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Population size: 

6.6 million [1]

Number of people experiencing domestic abuse each year:

Women who have experienced physical and/or sexual intimate partner violence in their lifetime: 23%

Women who have experienced physical and/or sexual intimate partner violence in the last 12 months: 8%

Lifetime Non-Partner Sexual Violence against women: Official National Statistics Not Available [2]

Over 32,000 complaints of domestic violence and sexual abuse in Nicaragua in 2012. [3]

No research on male victims or other gender identities.

Cost of domestic abuse to the economy each year:

Productivity loss of $29.5 million [4]

Estimated % change due to COVID-19:

No research.

Current law and policy:

Nicaragua joins the UNiTE to End Violence against Women Campaign and commits to improve laws, policies and access to justice. Nicaragua has joined the UN Secretary-General’s UNiTE to End Violence against Women and commits to take a series of political, legislative and administrative actions to eradicate violence against women and girls. Specifically, Nicaragua shares the objectives of the UNiTE to End Violence against Women campaign and commits to the approval and implementation of Act 779, Integrated Act against Violence against Women and to reform Act 641, the “Penal Code”. In particular, by implementing the public policy of State against violence against women; by guaranteeing prompt and effective access to justice; by creating the observatory of violence pursuant to the provisions of Act 779 and by improving the statistical information system on violence against women; by broadening the coverage of specialised justice with new courts specialising in violence and recruiting auxiliary staff to carry out judicial activities; and by improving capacity for the investigation and punishment of crimes.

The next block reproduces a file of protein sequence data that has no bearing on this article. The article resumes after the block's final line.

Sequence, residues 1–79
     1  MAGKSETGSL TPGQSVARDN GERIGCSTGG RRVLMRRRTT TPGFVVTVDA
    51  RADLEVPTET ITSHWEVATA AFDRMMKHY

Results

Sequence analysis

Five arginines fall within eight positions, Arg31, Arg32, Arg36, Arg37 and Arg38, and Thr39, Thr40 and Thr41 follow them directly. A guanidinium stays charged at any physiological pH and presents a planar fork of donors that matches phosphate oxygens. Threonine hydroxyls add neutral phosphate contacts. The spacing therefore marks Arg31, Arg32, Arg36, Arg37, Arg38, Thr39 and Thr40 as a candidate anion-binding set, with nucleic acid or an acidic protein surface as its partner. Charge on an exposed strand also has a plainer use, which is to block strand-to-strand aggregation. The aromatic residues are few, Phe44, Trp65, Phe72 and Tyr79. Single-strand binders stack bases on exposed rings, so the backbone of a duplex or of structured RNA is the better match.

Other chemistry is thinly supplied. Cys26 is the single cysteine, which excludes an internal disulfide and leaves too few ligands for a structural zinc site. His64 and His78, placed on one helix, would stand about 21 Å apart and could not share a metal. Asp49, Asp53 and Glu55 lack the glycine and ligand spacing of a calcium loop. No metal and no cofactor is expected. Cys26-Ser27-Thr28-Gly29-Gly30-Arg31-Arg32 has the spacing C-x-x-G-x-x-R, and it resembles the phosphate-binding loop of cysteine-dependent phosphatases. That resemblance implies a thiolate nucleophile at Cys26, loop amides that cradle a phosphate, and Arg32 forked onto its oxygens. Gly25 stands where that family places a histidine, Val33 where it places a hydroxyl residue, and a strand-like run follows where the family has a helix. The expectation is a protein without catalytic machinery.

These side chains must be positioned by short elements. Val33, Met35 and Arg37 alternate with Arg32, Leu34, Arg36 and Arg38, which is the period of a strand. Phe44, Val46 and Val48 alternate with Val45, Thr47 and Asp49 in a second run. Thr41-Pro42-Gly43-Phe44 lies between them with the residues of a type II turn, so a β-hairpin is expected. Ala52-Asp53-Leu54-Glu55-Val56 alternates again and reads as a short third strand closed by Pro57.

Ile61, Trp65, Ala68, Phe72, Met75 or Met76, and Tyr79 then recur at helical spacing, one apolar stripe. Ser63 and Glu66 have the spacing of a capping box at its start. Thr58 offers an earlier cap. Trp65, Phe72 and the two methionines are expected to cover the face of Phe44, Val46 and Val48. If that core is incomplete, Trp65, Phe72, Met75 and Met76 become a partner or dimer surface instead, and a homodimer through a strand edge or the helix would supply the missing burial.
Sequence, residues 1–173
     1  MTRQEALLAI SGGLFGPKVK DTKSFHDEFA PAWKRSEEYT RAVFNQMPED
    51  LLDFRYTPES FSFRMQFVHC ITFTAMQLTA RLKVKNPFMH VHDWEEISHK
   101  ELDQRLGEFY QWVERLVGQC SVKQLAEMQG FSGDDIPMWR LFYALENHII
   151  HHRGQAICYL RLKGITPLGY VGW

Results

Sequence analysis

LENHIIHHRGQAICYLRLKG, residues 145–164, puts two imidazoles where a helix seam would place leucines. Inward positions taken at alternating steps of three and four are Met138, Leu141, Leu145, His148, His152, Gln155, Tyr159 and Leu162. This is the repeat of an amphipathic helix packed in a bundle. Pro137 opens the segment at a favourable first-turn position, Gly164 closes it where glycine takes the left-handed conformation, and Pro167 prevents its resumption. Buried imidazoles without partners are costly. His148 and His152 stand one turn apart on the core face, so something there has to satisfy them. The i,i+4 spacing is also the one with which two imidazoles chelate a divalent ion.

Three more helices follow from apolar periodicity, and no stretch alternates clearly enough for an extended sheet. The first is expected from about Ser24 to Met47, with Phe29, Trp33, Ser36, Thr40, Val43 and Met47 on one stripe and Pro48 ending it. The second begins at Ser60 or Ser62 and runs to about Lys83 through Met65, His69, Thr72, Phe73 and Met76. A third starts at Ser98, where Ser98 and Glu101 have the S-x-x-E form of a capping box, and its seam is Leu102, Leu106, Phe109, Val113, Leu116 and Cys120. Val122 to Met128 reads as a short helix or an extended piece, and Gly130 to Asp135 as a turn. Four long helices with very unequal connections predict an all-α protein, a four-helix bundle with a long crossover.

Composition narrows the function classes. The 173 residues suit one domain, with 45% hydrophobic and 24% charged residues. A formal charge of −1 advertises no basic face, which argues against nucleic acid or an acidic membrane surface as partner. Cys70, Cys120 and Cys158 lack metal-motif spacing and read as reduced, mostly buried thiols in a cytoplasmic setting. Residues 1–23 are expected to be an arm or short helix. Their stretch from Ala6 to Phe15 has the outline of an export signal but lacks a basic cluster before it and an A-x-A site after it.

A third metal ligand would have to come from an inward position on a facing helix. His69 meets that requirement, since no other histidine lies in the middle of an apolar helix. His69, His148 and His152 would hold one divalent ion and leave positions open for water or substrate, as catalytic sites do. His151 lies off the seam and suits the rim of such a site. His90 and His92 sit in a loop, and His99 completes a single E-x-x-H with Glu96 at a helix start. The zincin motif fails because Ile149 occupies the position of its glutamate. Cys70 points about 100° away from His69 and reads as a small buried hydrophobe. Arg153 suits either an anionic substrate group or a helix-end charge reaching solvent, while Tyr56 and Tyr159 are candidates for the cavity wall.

The State of Nicaragua further commits to the creation and operation of the National Inter-Institutional Commission for the Struggle against Violence, which will design and implement relevant policy. It will make increases in budget for health and education, improving women’s economic and social rights and contributing to gender equality. The institutions of Education, Health and Family working for the protection and restoration of the rights of children and adolescents, will promote new models of bringing up children whereby the practices of punishment and humiliation are replaced by values of respect, love and protection from any form of discrimination and exploitation, in line with the best interests of the girl or boy. The Executive, Legislative and Judicial powers of Nicaragua commits to generate greater public and social awareness to prevent, respond to and punish violence against women.  

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[1] Worldometer, “Nicaragua Population (Live)”, (

[2] Instituto Nacional de Información de Desarrollo, Ministerio de Salud, 2014. EncuestaNicaragüense de Demografia y Salud (ENDESA) 2011-2012. Managua, Nicaragua

[4] Morris, S., N. Devlin, et al. (2007). Economic analysis in health care, Wiley Morrison, A., and M. B. Orlando. (1999). “The Socioeconomic Costs of Domestic Violence: Chile and Nicaragua.” In Too Close To Home: Domestic Violence in the Americas, ed. A.R.Morrison and M.L. Biehl. Washington, DC: Inter-American Development Bank



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